Dr. Jill Shainhouse wrote the following article for the Ontario Association of Naturopathic Doctors on her experiences developing a shadowing program for naturopathic interns at Sunnybrook Hospital:

Improving the Clinical Experience of Naturopathic Interns in Adjunctive Care

Dr. Jill Shainhouse, ND

In the fall of 2013, I was invited along with Dr. Daniel Lander, ND to do a Grand Rounds Presentation at Sunnybrook Hospital by Dr. Ellen Warner. Dr. Warner is an experienced medical oncologist who specializes in breast cancer. She is the founder and director of the PYNK program, a specialized clinic for women 40 and under with breast cancer that recognizes the unique and complex needs of this age group. I originally learned of the program after editing an information piece on PYNK that was written for the Cancer Knowledge Network and became interested in learning more about the multidisciplinary approach that they offered. Many patients in this age group seek out naturopathic care and I brought this to Dr. Warner’s attention. She was curious about what naturopaths had to offer in addition to the lifestyle recommendations she and her colleagues were already conveying to patients. The purpose of the Grand Rounds was to introduce conventional practitioners of all sorts (physicians, pharmacists, social workers, nurses, dieticians, etc.) to Naturopathic Medicine, and discuss how an ND with clinical experience in adjunctive cancer care approaches a case to improve the patient experience and overall outcome. The presentation reviewed two main scenarios: 1) How an ND might help to manage a patient with curative intent and 2) How an ND may provide care in a palliative situation to improve quality of life. The lecture was well received.

A short time after the Grand Rounds presentation, Dr. Warner approved my request to begin a shadowing program during her outpatient clinics in the Louise Temherty Breast Cancer Centre, a branch of the Odette Cancer Centre. I was at the time, working as a supervisor the Adjunctive Cancer Care Program at the Robert Schad Naturopathic Clinic (RSNC) at the Canadian College of Naturopathic Medicine. At Sunnybrook, I attend as a teaching clinician and support the interns so that they learn both conventional and naturopathic aspects of care. The outpatient oncology clinic of a teaching hospital is the perfect environment to enrich the clinical experience of naturopathic interns. The clinics are extremely busy and interns have the opportunity to see a large volume of patients in a 3-hour morning. At a typical clinic shift lasting 6.5 hours at the RSNC, interns may see an average of 2 patients. At the hospital, they may see 15 or more patients between the hours of 9 am and noon. They also get the opportunity to converse and collaborate with residents, fellows, medical students, nurse practitioners, nurses, physician assistants and social workers.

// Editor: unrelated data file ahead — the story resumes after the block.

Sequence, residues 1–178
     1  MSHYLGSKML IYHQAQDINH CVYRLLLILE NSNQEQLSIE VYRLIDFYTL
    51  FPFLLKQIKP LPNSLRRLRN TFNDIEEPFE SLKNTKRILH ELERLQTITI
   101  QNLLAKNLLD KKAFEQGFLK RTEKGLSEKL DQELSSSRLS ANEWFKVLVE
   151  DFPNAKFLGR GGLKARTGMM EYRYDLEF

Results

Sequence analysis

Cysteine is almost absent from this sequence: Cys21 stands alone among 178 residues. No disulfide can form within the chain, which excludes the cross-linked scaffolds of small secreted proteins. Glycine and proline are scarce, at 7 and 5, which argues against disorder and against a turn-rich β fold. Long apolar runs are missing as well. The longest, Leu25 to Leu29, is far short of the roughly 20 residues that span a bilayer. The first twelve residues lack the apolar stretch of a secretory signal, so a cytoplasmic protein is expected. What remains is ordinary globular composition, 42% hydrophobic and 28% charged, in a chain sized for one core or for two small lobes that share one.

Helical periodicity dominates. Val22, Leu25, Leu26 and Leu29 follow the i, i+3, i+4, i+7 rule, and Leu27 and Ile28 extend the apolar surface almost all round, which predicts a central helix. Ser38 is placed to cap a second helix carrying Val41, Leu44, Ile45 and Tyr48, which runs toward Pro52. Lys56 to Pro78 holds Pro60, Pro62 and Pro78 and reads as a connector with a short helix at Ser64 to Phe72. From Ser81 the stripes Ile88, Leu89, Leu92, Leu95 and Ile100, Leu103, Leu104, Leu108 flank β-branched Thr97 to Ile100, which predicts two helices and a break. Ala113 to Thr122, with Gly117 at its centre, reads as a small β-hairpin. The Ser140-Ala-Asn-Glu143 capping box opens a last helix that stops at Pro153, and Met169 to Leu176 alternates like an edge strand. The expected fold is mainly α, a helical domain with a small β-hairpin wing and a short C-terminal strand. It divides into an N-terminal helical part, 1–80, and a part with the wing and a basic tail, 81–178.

The goals of the observation program include the following:

1) Improve the clinical experience, confidence and knowledge base of the interns.
2) Improve communication and collaboration between Naturopathic Doctors and other health care providers in the hospital setting.

Prior to the start of a clinic shift at the hospital, I meet my interns or residents 30 minutes before the first patient appointment. I provide an updated ‘mini-review’ of the conventional treatment of breast cancer. I realize that prior to their shifts at Sunnybrook, each intern has had different experiences in their clinical year. Some have seen several patients with breast cancer, while others have not seen a single case.

Dr. Warner arrives by 9 am and we begin to review the day’s cases as a group. Interns are able to review pathology reports, clinical notes, blood work and radiology reports and ask questions. Files are reviewed and explained by the medical oncologist, a clinical fellow, physician assistant or myself. While reviewing cases, I will prompt the students to tell me what they know about the pathology, the surgery the patient may have had, the drugs prescribed, associated side effects and how some of these adverse reactions may be mitigated with evidence based naturopathic therapies. Once the students have a good understanding of the patient file and have reviewed all pertinent information, the patient is seen and assessed by the medical oncologist or fellow along with myself and the naturopathic interns. We are often asked for our input on dietary, supplement or other naturopathic recommendations. This in turn, provides a learning opportunity for the hospital staff.

One of the naturopathic profession’s biggest criticisms is that interns do not obtain enough clinical experience, and that how and what they learn is not comparable to that of a medical doctor. I would love to see this improve. I believe that we should be working to build meaningful professional relationships and provide more opportunities for naturopathic interns in the hospital setting. I am currently working to begin a neuro-oncology rotation at the Odette Centre which will hopefully begin in fall of 2019. This will be my sixth year at Sunnybrook Hospital. While the program is a solely an observation program, ideally one day it could grow into a truly collaborative union.

Click here for full article


  • First, to do no harm

  • To cooperate with the healing powers of nature.

  • To address the fundamental causes of disease.

  • To heal the whole person through individualized treatment.

  • To teach the principles of healthy living and preventative medicine.